""...a book that is simple to understand and hugely enjoyable to read."
The crime of murder is as fascinating as it is gruesome, and in this book Kate Morgan has followed its history from a legal point of view from Anglo Saxon times up until the present day. A thousand years ago, the punishment for homicide was a fine based on the value placed on the murdered person, known as the 'wergild'. Since then retribution has gradually become more complicated, the main complication being the legal difference between murder and culpable homicide (also known as manslaughter). Through the years, lawyers and judges fretted over the difference, with clarity coming mainly through case law. We read of Archibald Kinloch, whose frenzied killings led to a recognised defence of diminished responsibility. We also read of the gruesome case of Richard Parker, a cabin boy who was killed and eaten by hungry shipmates (was it manslaughter or murder?), and the Aberfan disaster, which led directly to the crime of corporate manslaughter.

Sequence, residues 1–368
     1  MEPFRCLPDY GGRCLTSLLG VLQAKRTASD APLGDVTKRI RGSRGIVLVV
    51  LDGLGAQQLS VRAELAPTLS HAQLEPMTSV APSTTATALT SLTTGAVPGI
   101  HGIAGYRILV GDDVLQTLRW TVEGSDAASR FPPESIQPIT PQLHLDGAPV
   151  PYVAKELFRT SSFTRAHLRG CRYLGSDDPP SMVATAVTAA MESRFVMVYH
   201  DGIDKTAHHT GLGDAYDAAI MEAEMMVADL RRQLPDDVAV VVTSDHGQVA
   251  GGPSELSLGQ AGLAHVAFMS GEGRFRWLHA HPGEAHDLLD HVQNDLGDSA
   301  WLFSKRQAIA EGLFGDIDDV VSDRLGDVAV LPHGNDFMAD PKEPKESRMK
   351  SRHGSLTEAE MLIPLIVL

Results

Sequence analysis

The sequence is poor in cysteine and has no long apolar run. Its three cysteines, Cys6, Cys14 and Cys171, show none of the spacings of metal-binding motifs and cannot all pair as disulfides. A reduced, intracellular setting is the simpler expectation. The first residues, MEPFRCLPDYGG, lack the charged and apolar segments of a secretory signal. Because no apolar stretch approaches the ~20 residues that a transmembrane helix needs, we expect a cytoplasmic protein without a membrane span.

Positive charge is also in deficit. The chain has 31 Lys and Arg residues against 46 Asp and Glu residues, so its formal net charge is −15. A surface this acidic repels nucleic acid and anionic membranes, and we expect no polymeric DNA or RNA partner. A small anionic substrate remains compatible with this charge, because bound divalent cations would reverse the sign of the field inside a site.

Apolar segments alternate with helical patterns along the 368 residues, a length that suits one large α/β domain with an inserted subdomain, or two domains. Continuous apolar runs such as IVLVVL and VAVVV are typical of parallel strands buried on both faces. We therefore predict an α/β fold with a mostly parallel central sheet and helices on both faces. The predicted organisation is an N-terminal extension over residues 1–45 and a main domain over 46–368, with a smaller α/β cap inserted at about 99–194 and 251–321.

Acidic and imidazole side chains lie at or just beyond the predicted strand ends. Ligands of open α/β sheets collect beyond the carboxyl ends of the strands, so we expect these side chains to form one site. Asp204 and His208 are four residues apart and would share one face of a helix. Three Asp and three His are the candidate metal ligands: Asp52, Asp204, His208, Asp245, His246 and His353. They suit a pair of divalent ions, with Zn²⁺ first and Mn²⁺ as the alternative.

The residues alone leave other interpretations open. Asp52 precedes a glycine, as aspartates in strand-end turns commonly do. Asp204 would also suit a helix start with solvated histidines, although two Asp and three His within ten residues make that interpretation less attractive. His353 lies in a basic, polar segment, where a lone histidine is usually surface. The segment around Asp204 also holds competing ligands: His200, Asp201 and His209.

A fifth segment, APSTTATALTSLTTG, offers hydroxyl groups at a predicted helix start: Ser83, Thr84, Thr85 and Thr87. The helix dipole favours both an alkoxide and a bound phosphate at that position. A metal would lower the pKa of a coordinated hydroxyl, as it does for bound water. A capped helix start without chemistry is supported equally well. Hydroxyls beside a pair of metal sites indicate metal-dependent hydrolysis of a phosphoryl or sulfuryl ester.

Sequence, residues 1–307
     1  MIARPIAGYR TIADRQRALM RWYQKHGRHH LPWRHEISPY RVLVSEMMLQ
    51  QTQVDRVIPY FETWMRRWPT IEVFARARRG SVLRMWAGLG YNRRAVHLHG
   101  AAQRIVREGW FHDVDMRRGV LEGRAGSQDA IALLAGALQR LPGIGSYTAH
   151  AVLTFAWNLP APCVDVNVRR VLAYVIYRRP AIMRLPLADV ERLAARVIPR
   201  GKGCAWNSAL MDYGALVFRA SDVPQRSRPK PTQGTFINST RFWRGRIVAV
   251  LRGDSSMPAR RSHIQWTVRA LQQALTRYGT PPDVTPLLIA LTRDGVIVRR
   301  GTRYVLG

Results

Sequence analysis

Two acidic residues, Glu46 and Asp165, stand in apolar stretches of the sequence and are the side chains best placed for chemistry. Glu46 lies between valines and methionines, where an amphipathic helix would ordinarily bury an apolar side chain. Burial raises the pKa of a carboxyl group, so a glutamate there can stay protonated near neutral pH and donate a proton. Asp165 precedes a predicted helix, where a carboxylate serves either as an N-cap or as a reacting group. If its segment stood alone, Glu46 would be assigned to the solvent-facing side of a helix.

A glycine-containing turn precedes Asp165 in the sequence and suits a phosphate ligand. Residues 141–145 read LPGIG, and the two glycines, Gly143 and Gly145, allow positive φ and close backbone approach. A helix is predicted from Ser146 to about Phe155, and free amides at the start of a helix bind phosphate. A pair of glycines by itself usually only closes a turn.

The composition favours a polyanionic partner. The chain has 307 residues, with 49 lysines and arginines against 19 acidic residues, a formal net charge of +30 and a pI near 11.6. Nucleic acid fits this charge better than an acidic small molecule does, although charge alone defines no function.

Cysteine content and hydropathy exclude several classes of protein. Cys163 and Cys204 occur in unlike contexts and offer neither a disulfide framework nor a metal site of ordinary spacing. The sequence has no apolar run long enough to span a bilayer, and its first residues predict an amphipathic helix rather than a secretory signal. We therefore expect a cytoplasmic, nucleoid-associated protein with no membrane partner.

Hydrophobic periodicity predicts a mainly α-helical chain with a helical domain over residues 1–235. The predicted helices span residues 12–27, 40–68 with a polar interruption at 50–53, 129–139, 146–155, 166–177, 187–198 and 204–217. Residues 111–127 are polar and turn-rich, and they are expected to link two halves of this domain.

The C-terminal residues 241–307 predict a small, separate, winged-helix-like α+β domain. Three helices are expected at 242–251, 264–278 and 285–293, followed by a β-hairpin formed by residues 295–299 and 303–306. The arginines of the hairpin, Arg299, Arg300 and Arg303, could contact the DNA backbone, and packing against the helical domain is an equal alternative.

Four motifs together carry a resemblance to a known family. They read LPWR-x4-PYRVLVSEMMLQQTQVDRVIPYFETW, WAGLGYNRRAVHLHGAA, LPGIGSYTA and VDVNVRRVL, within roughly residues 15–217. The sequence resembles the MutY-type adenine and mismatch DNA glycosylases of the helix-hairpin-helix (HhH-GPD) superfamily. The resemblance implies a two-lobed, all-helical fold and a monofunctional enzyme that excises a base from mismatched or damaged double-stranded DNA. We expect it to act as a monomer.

Along the way, several notable cases led to changes in the law. Percy Bateman, whose treatment of a pregnant woman led to a death - Ruth Ellis, the last woman to hang in the UK - and many more. All played their part in shaping the country's response to homicide, be it murder or manslaughter.